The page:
Cloud Foundry is an open-source platform as a service (PaaS) that enables developers to deploy applications fast and at scale. With its widespread adoption across big organizations, it's important to understand its basic concepts. This blog post provides the fundamental terminology required to have a basic understanding of Cloud Foundry.
What is Cloud Foundry?
Cloud Foundry is an industry standard platform for cloud applications. It is designed to foster fast-cycle innovation by minimizing the time it takes developers to take apps into production. The Cloud Foundry platform itself is highly scalable to safely host sheer amounts of apps, while apps themselves are also very easily scalable on the platform.
Cloud Foundry is even more than just a PaaS platform. The Cloud Foundry Foundation is a nonprofit organization striving to make the open source Cloud Foundry platform the leading application platform for cloud computing worldwide. While commonly by "Cloud Foundry" we refer to the PaaS offering, the Cloud Foundry foundation also maintains the Cloud Foundry Container Runtime (CFCR), which is a Kubernetes offering.
Cloud Foundry High-Level Usage
To deploy an application to Cloud Foundry all we need to do is to push our application source code to the platform. Cloud Foundry's mantra hereby is:
Here is my source code, run it on the cloud for me, I don’t care how.
Cloud Foundry takes the application source code, builds a container around it, and then runs it and makes sure to keep it alive. The application can then connect to services such as databases or message queues, that can be provisioned via a self-service marketplace from within Cloud Foundry.
Organizations and Spaces for Tenancy Management
Cloud Foundry knows two levels of hierarchy for tenancy management: organizations and spaces. A single Cloud Foundry deployment is divided into several organizations, and each organization can contain an arbitrary amount of spaces. Usually, organization and spaces relate to the company, team or project structure, so there could be an organization for a whole project or an organization for a department or team.
A space finally contains the actual applications that run in Cloud Foundry and holds the connections to 3rd party services required by these apps (such as databases). Both, organizations and spaces can have quotas and users with specific roles attached to them.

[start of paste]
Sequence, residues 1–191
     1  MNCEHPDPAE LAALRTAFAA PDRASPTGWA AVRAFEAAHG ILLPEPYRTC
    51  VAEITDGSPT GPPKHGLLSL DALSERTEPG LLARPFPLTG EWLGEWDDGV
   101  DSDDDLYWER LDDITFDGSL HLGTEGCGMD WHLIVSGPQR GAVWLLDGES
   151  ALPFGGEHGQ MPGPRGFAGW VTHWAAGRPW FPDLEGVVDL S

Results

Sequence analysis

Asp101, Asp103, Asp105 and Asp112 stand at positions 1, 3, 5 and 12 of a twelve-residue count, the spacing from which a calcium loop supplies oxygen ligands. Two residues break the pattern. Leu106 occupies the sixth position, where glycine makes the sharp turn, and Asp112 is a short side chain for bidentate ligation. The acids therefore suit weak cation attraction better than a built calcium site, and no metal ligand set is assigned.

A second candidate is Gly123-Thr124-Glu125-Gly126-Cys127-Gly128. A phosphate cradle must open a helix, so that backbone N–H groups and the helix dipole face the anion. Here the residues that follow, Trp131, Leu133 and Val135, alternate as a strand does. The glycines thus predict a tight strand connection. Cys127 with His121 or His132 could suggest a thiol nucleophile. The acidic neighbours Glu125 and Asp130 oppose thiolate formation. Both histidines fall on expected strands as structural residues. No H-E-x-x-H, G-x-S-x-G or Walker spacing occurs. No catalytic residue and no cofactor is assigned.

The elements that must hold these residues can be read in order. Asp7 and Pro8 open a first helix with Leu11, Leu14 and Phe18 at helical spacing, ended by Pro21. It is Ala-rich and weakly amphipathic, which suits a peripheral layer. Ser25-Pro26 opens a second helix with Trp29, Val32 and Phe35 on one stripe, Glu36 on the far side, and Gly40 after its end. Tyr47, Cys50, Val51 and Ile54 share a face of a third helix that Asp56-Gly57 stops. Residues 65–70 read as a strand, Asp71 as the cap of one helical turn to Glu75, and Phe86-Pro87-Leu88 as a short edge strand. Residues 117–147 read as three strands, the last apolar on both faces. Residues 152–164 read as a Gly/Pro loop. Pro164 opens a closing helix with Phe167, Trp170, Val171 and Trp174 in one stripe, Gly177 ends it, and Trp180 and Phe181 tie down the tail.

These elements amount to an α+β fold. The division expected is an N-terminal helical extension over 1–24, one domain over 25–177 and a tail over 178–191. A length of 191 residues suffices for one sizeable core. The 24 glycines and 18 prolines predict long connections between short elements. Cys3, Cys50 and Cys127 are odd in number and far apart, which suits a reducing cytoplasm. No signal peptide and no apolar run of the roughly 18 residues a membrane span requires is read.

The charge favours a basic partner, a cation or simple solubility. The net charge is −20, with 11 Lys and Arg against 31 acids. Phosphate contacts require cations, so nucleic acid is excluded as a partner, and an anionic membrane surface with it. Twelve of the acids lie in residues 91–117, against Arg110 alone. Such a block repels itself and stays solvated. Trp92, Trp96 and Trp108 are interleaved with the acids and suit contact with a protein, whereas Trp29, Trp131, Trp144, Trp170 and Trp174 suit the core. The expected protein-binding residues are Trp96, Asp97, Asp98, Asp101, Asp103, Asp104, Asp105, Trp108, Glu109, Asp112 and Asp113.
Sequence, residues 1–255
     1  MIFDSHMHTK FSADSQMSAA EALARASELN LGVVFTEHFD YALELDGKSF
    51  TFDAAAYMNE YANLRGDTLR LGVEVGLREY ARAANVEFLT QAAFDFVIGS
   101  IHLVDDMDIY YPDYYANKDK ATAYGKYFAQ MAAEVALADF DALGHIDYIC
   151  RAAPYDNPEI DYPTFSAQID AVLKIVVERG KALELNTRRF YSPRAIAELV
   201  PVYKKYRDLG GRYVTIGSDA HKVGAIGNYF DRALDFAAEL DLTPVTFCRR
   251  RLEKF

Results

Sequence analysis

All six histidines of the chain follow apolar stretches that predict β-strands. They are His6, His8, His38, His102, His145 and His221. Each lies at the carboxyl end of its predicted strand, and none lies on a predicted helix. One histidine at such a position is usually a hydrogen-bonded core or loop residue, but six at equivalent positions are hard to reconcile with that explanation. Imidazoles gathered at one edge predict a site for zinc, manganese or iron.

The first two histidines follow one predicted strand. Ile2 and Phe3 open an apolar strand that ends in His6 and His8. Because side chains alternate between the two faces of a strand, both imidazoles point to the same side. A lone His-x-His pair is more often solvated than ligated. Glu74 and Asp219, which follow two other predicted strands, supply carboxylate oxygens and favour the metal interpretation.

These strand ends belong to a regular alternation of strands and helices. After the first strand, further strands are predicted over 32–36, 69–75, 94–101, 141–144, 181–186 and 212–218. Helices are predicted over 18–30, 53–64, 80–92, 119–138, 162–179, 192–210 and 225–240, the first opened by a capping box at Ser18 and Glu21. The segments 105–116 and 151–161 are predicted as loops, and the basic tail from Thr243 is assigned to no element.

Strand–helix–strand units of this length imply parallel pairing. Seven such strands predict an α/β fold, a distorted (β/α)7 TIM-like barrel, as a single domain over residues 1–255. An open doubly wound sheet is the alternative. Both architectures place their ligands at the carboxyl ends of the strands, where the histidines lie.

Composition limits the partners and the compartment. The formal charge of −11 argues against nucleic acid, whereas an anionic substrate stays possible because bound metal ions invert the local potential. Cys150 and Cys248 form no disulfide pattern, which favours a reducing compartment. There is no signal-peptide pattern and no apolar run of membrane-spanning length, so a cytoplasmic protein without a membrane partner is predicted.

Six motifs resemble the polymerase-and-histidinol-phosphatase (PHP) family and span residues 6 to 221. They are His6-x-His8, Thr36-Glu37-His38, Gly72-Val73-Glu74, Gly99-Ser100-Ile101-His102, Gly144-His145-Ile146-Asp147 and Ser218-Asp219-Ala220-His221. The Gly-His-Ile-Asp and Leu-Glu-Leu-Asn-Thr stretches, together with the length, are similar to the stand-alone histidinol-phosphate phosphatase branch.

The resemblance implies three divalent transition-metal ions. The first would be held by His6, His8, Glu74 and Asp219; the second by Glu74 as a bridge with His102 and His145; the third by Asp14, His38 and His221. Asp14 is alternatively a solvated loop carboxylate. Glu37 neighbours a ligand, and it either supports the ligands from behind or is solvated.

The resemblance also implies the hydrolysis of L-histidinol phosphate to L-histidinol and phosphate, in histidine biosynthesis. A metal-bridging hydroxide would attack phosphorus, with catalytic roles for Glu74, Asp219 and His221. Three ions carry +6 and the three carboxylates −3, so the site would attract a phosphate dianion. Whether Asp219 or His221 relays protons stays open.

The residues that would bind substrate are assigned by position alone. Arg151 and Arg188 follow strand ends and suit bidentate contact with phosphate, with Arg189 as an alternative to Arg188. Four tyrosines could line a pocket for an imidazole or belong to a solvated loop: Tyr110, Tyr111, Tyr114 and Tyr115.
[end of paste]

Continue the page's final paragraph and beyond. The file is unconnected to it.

Once applications are deployed to a specific organization and space, we need to ensure the application is available and reachable for end users. To do so, Cloud Foundry associates so-called routes to applications. Each application may have an arbitrary number of routes, through which it is available. A route looks as follows:
By default, the app name is used as subdomain, but any name can be chosen as long as it hasn't been taken by another app in another space. Cloud Foundry ensures that all traffic reaching the platform entry point is routed to the correct application.
Buildpacks - Creating Containers from Source Code
When pushing application source code to Cloud Foundry, the platform assembles a container with the help of a language-specific buildpack. Buildpacks can automatically detect the programming languages and frameworks used by the source code and assemble the container using battle-tested configuration and security concepts. Doing so ensures that all containers running on the platform comply with the same set of standards. That also means that to patch all containers with a fix it boils down to updating the respective buildpack and rebuilding all containers based on the new buildpack.
Buildpacks have lots of responsibilities and support for common features used by a certain platform. For example, buildpacks take care of adding frameworks, libraries, or runtimes if necessary (for example a Java Runtime Environment), they can add application performance monitoring tools, or even handle certificates for the application. Check out the Java buildpack for a good example.
Spicing up the Ecosystem with Services
Hardly any application runs without any kind of backing service like a database or message queue. To allow developers to provision required services themselves, Cloud Foundry provides a marketplace of services where developers can view and provision services to their liking. Technically, the marketplace implements the Open Service Broker API which is an API to dynamically provision services.
The services that are provisioned through the marketplace then expose the credentials to the application via the environment variable
A lot of frameworks support setting up the connection to external services based on the contents of that variable, such as the Spring Cloud Connectors.
In this blog post you have learned what Cloud Foundry is and what the platform's central concerns are. We're able to deploy applications by pushing their source code, which is then turned into a container by a buildpack. Then running container is exposed to the outside world through a configurable routing plane. Applications can provision and access third party systems through the marketplace concept with service brokers. If you're interested in seeing how Cloud Foundry can help your enterprise to succeed in adopting cloud technologies, we're more than happy to have a chat.